Our weather forecast for the rest of the month is sort of a mixed bag. Temperatures should remain well above freezing, but we also may see a good bit of precipitation in the next week or so. Wet ground will prevent tilling, but after the summer drought, I'm not about to begin complaining about it raining too much. We've already received 2.71 inches of precipitation this month, close to the October average of 2.76 inches.

The cool, wet weather does afford a good opportunity to overseed bare patches in our lawn, something I've already done, but need to do more of. I still have a few pounds of good grass seed in the garage. It certainly won't do any good sitting in its bag on a shelf!

We still need to get our garlic planted for next year. I've waited a bit to do so, as there are some nice flowers still blooming in the area where the garlic will go.

I'm not sure at this point whether I'll wait for dry soil to till and fluff the soil a bit or just pull back the mulch and plug our garlic sets into the ground. Tilling would allow incorporating a little lime and bonemeal, but I suspect we may be into a long-term wet spell for now. Fortunately, the garlic area's soil pH is already fairly close to optimal. It's also an area that received a heavy covering of composted manure last spring, so soil fertility should be okay.

Last year I got caught with insufficient mulch to entirely cover our garlic planting. This year, I have two piles of grass clipping mulch sitting beside our raised bed to use over the garlic. While mulching isn't essential to growing good garlic, it holds the soil in place, retains moisture, and helps moderate temperature extremes, besides preventing weed growth.

Tuesday, October 23, 2012 - Indian Summer?

Last night, a couple of local TV anchors were discussing what comprises an "Indian Summer," and if we were having one. I'm not sure if the definition might help the TV guys, but I know I'm certainly enjoying our stretch of days with highs well into the 70s. Apparently, that will all end on Friday as high temperatures drop around 25o to more seasonable conditions.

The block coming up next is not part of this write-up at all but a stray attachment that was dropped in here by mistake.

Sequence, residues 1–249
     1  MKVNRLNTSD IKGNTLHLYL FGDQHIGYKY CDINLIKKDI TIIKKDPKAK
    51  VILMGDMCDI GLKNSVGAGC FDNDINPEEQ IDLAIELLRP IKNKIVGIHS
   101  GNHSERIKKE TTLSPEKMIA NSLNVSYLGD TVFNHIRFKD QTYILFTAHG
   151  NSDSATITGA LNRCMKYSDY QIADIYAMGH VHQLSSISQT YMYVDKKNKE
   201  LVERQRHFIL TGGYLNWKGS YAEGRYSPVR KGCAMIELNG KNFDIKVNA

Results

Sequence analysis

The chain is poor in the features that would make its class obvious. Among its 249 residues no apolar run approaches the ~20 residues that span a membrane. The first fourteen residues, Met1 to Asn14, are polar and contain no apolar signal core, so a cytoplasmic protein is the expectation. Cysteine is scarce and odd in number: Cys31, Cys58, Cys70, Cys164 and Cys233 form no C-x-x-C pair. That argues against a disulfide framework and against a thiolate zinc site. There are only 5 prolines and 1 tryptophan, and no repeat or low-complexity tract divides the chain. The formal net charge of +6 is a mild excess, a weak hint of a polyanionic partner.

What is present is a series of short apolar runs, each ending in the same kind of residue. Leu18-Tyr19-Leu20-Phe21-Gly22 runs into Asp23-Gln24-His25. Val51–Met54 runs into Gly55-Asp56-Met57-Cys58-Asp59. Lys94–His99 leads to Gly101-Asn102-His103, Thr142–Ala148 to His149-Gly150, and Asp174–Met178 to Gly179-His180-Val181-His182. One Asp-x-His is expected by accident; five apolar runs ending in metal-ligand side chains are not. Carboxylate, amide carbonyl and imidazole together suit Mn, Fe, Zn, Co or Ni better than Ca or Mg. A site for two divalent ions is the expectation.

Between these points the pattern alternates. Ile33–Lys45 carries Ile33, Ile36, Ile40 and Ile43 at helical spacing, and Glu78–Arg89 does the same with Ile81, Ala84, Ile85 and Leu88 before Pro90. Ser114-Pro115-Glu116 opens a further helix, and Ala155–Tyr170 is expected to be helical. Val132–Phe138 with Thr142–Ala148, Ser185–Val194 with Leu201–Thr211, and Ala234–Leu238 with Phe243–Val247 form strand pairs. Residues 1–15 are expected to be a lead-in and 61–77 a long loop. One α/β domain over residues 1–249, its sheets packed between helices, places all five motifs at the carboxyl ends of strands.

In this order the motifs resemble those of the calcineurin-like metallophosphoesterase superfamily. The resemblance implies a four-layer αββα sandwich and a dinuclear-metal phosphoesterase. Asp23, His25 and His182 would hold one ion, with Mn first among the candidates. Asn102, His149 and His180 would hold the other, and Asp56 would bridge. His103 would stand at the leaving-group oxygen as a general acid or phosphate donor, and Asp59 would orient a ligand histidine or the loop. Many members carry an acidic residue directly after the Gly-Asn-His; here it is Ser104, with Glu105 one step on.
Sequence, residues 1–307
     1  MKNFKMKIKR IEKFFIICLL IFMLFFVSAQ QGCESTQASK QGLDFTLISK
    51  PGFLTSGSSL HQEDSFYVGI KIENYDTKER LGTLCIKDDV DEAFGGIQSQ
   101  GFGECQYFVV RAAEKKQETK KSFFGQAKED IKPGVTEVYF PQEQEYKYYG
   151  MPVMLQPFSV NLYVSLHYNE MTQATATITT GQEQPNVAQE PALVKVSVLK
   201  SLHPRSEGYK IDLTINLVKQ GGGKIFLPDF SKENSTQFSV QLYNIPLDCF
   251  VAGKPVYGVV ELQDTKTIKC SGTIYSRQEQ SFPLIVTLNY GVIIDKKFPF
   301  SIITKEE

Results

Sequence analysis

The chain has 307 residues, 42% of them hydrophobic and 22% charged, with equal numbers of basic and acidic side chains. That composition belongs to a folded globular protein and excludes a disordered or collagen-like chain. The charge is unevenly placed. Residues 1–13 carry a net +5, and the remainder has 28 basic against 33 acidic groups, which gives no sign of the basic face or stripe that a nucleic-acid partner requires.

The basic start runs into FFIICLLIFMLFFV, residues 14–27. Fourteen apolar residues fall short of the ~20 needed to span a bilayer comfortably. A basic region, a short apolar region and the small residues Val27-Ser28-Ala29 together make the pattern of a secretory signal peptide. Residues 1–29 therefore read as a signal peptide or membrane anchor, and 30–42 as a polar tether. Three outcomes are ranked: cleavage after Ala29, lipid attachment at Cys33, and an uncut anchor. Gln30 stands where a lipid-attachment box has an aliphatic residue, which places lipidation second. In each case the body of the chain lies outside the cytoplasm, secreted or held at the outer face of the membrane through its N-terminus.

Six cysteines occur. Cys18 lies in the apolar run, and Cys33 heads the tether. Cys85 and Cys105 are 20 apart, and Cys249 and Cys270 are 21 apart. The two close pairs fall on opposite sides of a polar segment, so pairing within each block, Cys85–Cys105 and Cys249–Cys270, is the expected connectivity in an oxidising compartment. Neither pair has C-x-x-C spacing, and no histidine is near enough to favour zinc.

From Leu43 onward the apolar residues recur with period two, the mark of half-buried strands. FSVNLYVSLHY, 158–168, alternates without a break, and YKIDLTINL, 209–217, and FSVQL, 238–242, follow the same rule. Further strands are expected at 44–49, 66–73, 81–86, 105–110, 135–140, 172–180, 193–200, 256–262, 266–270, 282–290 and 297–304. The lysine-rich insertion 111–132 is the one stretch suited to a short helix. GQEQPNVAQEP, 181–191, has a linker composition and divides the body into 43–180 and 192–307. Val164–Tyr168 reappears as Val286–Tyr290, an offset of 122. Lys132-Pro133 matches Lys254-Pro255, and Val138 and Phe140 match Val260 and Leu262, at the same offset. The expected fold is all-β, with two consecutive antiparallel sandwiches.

Seed Savers Exchange Listings

QuinteI wrote on Sunday that I hadn't quite decided on whether to offer Quinte tomato seed in our Seed Savers Exchange listings this year, as I wasn't sure I had enough seed to share. On Monday, I went to the far end of the field where our lone Quinte plant grows (for isolation from other tomatoes) and picked ten, yes TEN, ripe tomatoes. When I checked the plant today, it had still more fruit ripening!

We used one particularly nice Quinte for BLTs, but the others were all cut and seed removed for seed saving. It's too soon to be sure of the seed's viability, as it is still in the fermenting stage of seed saving. Once it's cleaned, I'll do a germination test on a sample just to make sure I have good seed. Although the Seed Savers Exchange has a November 2 cutoff for next year's listings, one can change availability of seed from "Has" (meaning lots for all members), to "Limited Quantity" (which means only listed members, members who offer seed through the yearbook, can order), well into December. The Yearbook comes out sometime in January.

So with lots of Quinte seed in the fermenting container, I went ahead and listed the variety in the SSE yearbook as a "Has," along with Moira tomato seed and Earliest Red Sweet pepper seed.

Moira tomatoes Earliest Red Sweet peppers
Moira tomatoes Earliest Red Sweet peppers

If you're unfamiliar with the Seed Savers Exchange, it's a non-profit organization founded by Kent and Diane Whealy out of their living room in 1975 to help preserve vanishing open pollinated seed varieties. They saw the increasing tendency of seed companies to drop open pollinated varieties of plants in favor of hybrids. While some of the hybrids truly had superior characteristics, the trend placed a lot of the world's germplasm in jeopardy of extinction.

The idea of SSE was that folks would save seed from their open pollinated varieties, often their favorites and sometimes family heirlooms, and share them with others via the SSE network. Seed Savers Exchange members could order small quantities of seed from other members' listings in the Exchange's annual yearbook. Back in the 1970's when I first got involved, you just put several stamps in an envelope, along with a self-addressed stamped envelope, to pay for the seed you ordered. Even today, you just pay about what one does for a small, commercial seed packet for a seed sample from other SSE members. As years passed, SSE, other organizations, and government entities began germplasm repositories to protect our heritage in plant diversity.

We originally saved and shared a number of tomato varieties. During our farming years, we saved and offered Reid's Yellow Dent open pollinated field corn which disappeared from commercial seed vendors' offerings for a few years. The varieties we now offer and have offered over the last few years are some of our favorites from the 1970s, although we lost our start on Earliest Red Sweet peppers and had to order them a few years ago from another SSE member. As mentioned elsewhere this month, we also lost our start of Quinte tomatoes, but were fortunate to receive a sample this spring from the USDA's Germplasm Resources Information Network (GRIN).

Moira - front Moira - back